Secondary data analysis was conducted on data from the Pakistan Demographic and Health Survey (PDHS) 2006-07. The PDHS is a publicly available dataset produced by ORC Macro for the Measure DHS (Demographic and Health Surveys) Project. It is funded by the US Agency for International Development (USAID). The PDHS contains a wide range of health-related information and is considered to be free of systematic bias .
The PDHS is the largest household survey conducted in Pakistan. It is comprised of a nationally representative sample of over 95,000 households collected using a stratified two-stage cluster sampling procedure. However, for security and political reasons, some areas, such as Federally Administered Tribal Areas (FATA), Federally Administered National Areas (FANA) and Azad Jammu and Kashmir (AJK), were not part of the survey. Amongst several modules on fertility, nutrition, reproductive health and malaria in the PDHS, one is on child immunization . The detailed methodology of the survey design, data collection and management has been described elsewhere .
Our data was limited to mothers with a last-born child (youngest child) between the ages of 12 to 23 months, resulting in a sample size of 2,435. The reason for the selection of this age group was that, until 2006, the course of basic vaccinations (i.e., 12 doses for seven vaccine-preventable diseases) for children was completed by the age of 9 months. Some previous studies have also used the same age-group for studying the utilization of immunization [10, 11, 14]. We computed the dependent variable, “immunization status” by using twelve doses of 5 vaccines, i.e. polio (4 doses), BCG (1 dose), DPT (3 doses), HBV (3 doses) and measles (1 dose). The data on Haemophilus influenza type b (Hib) vaccination were not available in the PDHS 2006-07, as it was first introduced in 2008 in the national EPI. Similarly, no information was available on the Measles 2 vaccination, as it was added to the routine immunization schedule in Pakistan in 2012.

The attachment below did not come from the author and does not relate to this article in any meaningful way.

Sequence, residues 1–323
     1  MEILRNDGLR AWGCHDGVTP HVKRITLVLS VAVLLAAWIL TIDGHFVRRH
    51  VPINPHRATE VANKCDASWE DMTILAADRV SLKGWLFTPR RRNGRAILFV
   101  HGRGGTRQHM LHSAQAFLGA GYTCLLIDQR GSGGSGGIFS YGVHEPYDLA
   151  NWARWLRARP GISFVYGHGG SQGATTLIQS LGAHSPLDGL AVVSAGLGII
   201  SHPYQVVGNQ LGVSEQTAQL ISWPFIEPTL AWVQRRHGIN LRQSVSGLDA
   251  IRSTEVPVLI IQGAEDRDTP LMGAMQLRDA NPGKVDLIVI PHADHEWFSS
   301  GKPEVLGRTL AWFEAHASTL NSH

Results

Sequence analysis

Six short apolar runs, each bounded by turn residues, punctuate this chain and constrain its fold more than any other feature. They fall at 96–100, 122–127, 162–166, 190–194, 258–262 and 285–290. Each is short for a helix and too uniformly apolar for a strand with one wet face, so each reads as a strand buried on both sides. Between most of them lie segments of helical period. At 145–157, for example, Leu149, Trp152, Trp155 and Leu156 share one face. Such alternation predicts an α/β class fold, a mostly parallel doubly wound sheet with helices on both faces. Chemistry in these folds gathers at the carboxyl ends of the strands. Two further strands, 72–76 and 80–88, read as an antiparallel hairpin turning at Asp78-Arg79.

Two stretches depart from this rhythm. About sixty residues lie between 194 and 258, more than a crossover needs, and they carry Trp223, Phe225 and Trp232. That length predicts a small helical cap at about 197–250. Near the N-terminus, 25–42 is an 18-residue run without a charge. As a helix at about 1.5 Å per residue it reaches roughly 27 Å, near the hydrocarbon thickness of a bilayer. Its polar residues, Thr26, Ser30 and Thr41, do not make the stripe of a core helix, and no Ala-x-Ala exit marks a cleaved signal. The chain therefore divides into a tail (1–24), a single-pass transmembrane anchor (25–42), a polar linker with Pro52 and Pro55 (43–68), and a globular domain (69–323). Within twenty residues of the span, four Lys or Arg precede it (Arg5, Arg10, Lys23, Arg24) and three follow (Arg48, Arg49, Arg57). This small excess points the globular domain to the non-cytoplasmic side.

We selected twelve variables, which showed “Received: BCG, polio (0,1,2,3), DPT (1,2,3), HBV (1,2,3) and measles”. These variables had five response categories: No, vaccination date on card, reported by mother, vaccination marked on card and DK (don’t know). We recoded each variable in a similar way. No and DK responses were recoded as “0” and considered as “not received the vaccine”, while the other responses “vaccination date on card, reported by mother, vaccination marked on card” were recoded as “1” and considered as “received the vaccine”. Later, we added all twelve vaccine variables and labeled them “Immunization status”. The immunization status was recoded as “0” if the child had received all twelve doses of the above-mentioned vaccinations and categorized as “complete immunization”, and “1” if the child had missed one or more vaccinations, and categorized as “incomplete immunization”.
We defined “complete immunization” in accordance with the WHO, which considers a child completely immunized if “he or she has received a BCG vaccination against tuberculosis; three doses of DPT vaccine to prevent diphtheria, pertussis, and tetanus (DPT); at least three doses of polio vaccine; and one dose of measles vaccine.” Previously published studies have defined “complete immunization” in a similar way [22, 23].